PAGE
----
Contracts typically include a choice of law or governing law provision, which allows the parties to agree on the laws of a specific state that will be applied when interpreting the agreement. This provision is especially relevant when the contract involves parties from different states or jurisdictions. The governing law clause specifies that the laws of the jurisdiction mutually agreed upon by the parties will govern the enforcement of the contract.

What are the 7 most essential contracts for start-up founders?

If you are confused about which contracts to prioritise among many contracts, here is the list for you, which includes the essential contracts of a small business or start-up.

  • Founders/Co-founders Agreement
  • Non-Disclosure Agreement
  • Term Sheet
  • Employee Stock option Plan (ESOP)
  • Service Agreement
  • Licensing Agreement
  • Supplier Agreement

We will go into more detail about each of the contracts below: 

Founders/Co-founders Agreement

This contract is most important if you have a co-founder and business founder. It outlines the rights and responsibilities of each founder, including ownership stakes, management roles, and decision-making processes. It also defines how disputes will be resolved and how the company will be funded. This information becomes important to be documented to avoid future conflicts. 

Major clauses of the Co-founders Agreement:

Purpose of the Agreement: This clause defines the purpose of the co-founder

agreement and sets the context for the entire document.

Company Formation: This clause outlines the process of forming the company, including the incorporation process, selection of registered office and initial share capital.

Roles and Responsibilities: This clause outlines the specific roles and responsibilities of each co-founder, including decision-making authority, day-to-day management, and responsibilities related to specific functions such as finance, operations, marketing, etc.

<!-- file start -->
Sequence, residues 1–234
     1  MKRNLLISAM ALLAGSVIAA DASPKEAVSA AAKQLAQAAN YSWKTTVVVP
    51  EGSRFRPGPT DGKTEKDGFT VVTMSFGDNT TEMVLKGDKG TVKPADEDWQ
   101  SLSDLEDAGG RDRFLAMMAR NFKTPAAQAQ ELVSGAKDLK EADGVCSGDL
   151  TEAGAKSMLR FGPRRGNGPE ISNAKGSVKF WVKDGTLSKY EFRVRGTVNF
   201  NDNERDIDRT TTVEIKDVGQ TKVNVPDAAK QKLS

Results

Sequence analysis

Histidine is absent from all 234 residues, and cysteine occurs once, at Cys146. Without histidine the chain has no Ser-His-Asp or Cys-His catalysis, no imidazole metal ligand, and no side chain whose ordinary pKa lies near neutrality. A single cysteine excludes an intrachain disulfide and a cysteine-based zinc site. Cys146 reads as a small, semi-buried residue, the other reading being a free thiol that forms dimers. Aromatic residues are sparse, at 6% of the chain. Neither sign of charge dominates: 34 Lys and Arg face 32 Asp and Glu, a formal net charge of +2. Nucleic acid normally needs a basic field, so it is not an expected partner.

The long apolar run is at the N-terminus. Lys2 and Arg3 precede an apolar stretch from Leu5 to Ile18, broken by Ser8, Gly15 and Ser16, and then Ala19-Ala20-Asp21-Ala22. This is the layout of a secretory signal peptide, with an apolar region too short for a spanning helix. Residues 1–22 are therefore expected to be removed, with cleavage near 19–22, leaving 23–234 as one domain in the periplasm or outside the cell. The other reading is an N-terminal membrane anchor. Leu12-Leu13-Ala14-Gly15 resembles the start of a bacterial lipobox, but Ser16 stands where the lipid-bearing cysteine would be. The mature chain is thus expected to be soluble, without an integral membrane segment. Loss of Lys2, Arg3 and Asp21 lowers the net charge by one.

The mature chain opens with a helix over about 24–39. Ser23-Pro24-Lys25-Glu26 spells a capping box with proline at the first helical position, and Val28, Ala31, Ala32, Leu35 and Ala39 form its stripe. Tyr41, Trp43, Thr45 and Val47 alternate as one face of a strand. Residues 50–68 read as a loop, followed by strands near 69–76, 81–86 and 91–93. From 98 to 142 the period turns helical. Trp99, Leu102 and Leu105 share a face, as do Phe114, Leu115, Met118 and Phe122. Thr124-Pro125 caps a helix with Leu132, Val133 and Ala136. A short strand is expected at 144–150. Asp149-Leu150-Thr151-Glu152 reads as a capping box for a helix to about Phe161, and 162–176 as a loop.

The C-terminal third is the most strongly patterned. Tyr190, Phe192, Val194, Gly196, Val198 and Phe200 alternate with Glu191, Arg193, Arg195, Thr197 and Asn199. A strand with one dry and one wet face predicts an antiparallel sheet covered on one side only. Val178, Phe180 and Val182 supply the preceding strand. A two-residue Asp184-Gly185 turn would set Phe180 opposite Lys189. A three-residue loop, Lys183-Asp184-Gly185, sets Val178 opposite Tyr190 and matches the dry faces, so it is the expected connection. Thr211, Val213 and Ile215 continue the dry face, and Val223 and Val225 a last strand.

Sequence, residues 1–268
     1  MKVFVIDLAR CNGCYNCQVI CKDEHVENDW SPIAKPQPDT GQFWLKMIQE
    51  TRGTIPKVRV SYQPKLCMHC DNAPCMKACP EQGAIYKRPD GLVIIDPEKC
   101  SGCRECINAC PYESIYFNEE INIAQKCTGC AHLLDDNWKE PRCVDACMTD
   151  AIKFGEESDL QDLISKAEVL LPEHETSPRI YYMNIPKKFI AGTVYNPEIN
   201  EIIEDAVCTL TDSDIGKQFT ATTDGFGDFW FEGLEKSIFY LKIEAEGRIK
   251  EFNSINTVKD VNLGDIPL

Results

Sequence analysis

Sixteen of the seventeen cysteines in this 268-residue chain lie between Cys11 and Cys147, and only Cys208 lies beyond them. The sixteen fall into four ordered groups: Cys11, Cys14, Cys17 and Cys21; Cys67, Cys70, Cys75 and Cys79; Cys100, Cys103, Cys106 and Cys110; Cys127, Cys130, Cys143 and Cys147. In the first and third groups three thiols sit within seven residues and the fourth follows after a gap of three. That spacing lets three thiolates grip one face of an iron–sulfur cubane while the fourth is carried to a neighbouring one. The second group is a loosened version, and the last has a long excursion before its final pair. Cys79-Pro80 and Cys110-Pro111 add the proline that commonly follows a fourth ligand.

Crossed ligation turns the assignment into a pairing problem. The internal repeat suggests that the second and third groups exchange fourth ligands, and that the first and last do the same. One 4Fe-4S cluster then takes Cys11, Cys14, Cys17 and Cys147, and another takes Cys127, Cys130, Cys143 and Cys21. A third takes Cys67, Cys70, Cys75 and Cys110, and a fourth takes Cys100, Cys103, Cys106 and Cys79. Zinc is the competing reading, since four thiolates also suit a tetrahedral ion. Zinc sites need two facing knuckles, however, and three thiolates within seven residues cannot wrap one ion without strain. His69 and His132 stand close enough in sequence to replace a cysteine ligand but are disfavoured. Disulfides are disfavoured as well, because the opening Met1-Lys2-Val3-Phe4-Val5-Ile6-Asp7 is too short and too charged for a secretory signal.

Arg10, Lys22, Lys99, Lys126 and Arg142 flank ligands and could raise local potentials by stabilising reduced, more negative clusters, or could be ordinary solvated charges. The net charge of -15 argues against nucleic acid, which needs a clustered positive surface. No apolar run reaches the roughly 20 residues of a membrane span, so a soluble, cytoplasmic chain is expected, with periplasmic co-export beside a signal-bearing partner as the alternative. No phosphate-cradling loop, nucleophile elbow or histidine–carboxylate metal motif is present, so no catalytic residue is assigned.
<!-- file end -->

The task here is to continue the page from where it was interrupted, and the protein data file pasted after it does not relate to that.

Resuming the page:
Equity Split: This clause outlines equity distribution among the co-founders and any subsequent equity issuances. It may also include provisions related to vesting, stock options, and stock purchase rights.

Intellectual Property: This clause outlines the ownership and use of any intellectual property generated by the co-founders or the company, including trademarks, patents, and copyrights.

Confidentiality: This clause requires the co-founders to maintain confidentiality about the company’s business and sensitive information.

Termination: This clause outlines the circumstances under which a co-founder may leave the company, including voluntarily or due to a disagreement with the other co-founders, and the process for buying out a departing co-founder’s interest in the company.

Dispute Resolution: This clause outlines the process for resolving disputes between the co-founders, including mediation, arbitration, and other alternative dispute resolution methods.

Governing Law: This clause specifies the governing law used to interpret and enforce the co-founder agreement.

Amendments: This clause outlines the process for making changes to the co-founder agreement.

Entire Agreement: This clause confirms that the co-founder agreement constitutes the agreement between the co-founders and supersedes all prior negotiations, representations, and agreements.